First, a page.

Up and Down
Although squirrels nest and overnight in trees, they are as much terrestrial (ground-dwelling) as they are arboreal (tree-dwelling) when it comes to foraging. They spend a large portion of the day on the ground picking up seeds, the occasional insect, and eating grass. While they forage they are cautious and walk in a jerky manner often with their tails flicking nervously.
Tree squirrels forage alone and must rely on their own vigilance to keep them alive. Their sense of hearing and sight are both acute and given even the slightest provocation, the squirrel will bound into the safety of a nearby tree.
They take cover in tree holes or lie flat against a branch. They often circle the trunk of the tree keeping the threat on the opposite side of the trunk to itself. If need be, tree squirrels can scamper between trees very rapidly bounding easily across 2 m gaps.
Dextrous and Agile
Tree squirrels are extremely dextrous and manipulate tiny objects like seeds with expert skill. They routinely hang from their hind legs to reach food just out of arm's reach or they may even jump and grab repeating the procedure until the item is obtained. They may clamber over the flimsiest of branches to access fruits. Squirrels usually sit in an elevated position while they feed to enable them to look out for danger at the same time.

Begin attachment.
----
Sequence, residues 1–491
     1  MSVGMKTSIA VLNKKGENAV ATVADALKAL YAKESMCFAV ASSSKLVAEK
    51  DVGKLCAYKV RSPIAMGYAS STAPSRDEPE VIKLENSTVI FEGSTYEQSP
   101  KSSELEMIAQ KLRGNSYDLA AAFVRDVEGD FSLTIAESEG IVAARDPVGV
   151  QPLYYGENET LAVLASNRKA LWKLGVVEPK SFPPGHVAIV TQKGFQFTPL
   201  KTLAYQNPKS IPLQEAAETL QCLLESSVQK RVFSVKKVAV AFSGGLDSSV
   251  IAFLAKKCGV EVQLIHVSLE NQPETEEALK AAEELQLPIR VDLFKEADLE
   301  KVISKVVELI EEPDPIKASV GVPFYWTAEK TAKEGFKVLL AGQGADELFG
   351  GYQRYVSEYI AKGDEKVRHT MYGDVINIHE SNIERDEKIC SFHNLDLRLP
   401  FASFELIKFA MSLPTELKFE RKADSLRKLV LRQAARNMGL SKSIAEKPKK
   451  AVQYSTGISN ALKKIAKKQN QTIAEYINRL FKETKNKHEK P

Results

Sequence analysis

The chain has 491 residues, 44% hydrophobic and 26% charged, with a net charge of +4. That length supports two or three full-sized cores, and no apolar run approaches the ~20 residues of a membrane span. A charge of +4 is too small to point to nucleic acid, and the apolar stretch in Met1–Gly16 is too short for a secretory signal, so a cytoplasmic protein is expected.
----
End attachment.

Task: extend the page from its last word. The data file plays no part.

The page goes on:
Squirrel it Away
Tree squirrels are diurnal and forage during daylight hours only. They are most busy during the cooler mornings and afternoon periods and generally, they will rest up during the heat of the day.
Tree squirrels do cache food supplies to be used at a later time but their pantries are never quite as substantial as European squirrels. They dig small holes into which they deposit seeds and other food debris and then pat the soil down with their chins. This is always done in private but none-the-less food thieving is still commonplace among squirrels.
By Megan Emmett